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In This Issue of JAMA Pediatrics
August 2016


JAMA Pediatr. 2016;170(8):723. doi:10.1001/jamapediatrics.2015.2543


Much attention has been given to the importance of the intestinal microbiota and the effects of early exposure to antibiotics. In this longitudinal cohort study, Korpela and coauthors examine whether the positive metabolic effects of breastfeeding are affected by antibiotic use. The protective effects of breastfeeding against infections were found to be weakened or completely eliminated by early-life antibiotic use. The accompanying editorial by Paolella and Vajro discusses methods to potentially avoid or repair changes to the intestinal microbiota in breastfed children who need antibiotics.


Author Audio Interview

While health care apps in low-income countries are common and have the potential to improve quality and outcomes of care, few have been rigorously evaluated. In this cluster-randomized clinical trial by Lund and coauthors, 73 health care facilities were randomized to usual care or to receive a mobile phone app for training in emergency obstetrical and neonatal care. The app improved and sustained health care workers’ skills in neonatal resuscitation and resulted in a nonsignificant change in perinatal mortality. Pagliari’s editorial discusses the role for digital support in improving children’s health in the developing world.


Folate insufficiency during pregnancy can have powerful effects on the developing infant. This large cohort study by Wang and coauthors examines whether sufficient maternal folate levels can alleviate prepregnancy obesity effects on the child. The study found that the risk for child overweight and obesity was reduced by nearly half if obese mothers had adequate folate concentrations. This points to the need to establish and ensure optimal rather than minimal maternal folate concentrations for pregnant women.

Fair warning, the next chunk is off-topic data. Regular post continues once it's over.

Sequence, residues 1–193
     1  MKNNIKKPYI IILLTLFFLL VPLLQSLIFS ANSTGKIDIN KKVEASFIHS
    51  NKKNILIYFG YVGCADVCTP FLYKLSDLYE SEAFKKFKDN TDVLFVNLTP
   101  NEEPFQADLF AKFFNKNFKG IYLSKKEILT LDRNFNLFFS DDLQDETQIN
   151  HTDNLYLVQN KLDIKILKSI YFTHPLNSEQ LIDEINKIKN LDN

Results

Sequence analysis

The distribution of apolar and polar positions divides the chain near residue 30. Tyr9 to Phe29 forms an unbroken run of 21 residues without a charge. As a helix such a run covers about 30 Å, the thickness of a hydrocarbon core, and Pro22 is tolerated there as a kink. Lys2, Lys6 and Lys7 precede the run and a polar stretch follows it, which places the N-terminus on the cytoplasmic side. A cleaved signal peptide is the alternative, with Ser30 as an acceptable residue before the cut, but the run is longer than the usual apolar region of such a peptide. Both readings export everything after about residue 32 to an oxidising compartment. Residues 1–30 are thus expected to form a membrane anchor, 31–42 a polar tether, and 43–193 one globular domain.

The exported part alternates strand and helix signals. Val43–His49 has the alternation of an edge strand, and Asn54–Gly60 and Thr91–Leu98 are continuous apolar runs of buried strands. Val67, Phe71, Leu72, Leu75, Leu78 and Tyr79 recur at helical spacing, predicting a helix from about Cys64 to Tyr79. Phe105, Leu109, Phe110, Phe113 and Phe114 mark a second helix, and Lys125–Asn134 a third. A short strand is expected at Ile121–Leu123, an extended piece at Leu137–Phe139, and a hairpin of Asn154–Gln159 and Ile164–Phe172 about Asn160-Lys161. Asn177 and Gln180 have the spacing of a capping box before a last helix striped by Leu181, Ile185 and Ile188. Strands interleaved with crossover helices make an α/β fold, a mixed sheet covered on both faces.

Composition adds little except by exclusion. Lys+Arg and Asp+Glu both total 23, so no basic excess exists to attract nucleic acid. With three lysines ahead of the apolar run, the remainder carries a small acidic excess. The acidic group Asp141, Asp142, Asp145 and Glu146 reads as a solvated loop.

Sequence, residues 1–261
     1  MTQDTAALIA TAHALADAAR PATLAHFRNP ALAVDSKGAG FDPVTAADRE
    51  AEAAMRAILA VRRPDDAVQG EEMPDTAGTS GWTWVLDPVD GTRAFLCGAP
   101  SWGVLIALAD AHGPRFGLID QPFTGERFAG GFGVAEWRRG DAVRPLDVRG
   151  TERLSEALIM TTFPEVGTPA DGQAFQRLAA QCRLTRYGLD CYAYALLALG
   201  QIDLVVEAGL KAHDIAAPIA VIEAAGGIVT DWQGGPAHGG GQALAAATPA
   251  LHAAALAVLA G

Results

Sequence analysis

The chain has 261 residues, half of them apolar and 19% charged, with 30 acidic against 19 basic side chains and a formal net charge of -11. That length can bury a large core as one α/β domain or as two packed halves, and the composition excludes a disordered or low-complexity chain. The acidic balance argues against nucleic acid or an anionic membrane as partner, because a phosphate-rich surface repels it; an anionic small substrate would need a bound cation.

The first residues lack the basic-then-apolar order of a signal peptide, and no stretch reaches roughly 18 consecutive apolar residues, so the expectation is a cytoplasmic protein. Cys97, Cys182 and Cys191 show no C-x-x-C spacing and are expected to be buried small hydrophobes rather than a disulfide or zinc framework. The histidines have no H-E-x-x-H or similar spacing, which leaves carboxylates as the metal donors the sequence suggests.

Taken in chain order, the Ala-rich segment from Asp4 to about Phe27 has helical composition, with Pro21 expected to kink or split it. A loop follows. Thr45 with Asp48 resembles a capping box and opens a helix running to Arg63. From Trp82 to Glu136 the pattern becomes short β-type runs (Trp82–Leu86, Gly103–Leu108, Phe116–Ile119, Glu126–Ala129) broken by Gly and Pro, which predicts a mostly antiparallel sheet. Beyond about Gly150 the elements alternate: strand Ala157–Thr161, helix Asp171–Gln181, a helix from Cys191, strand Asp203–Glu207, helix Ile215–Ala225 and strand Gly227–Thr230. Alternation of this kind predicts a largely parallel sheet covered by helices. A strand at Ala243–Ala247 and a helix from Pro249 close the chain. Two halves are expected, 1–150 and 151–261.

Clinical Review & Education

As Zika virus infection spreads across the Latin American and Caribbean region and then into the southern United States, we can expect to see thousands of additional children born with microcephaly and potentially many more with more subtle but significant neurological damage. In this Special Communication, Hotez discusses the history of the current epidemic and the risk factors supporting its spread. The potential of up to 4 million people infected by Zika virus by the end of 2016 will affect pediatric practice both in the near future and for years to come.

Management of febrile infants younger than 90 days has evolved considerably over the last few decades. With effective vaccines against Haemophilus influenza type b and Streptococcus pneumonia, occult bacteremia has largely disappeared. In this review, Cioffredi and Jhaveri note that urinary tract infection is the most prevalent serious bacterial infection without localizing signs of infection in vaccinated children. For children with fever without localizing signs of infection, given that the odds of identifying a contaminant is 100 times more likely than identifying a true pathogen, management has moved away from evaluation of complete blood cell counts, blood cultures, and empirical antibiotics of any kind.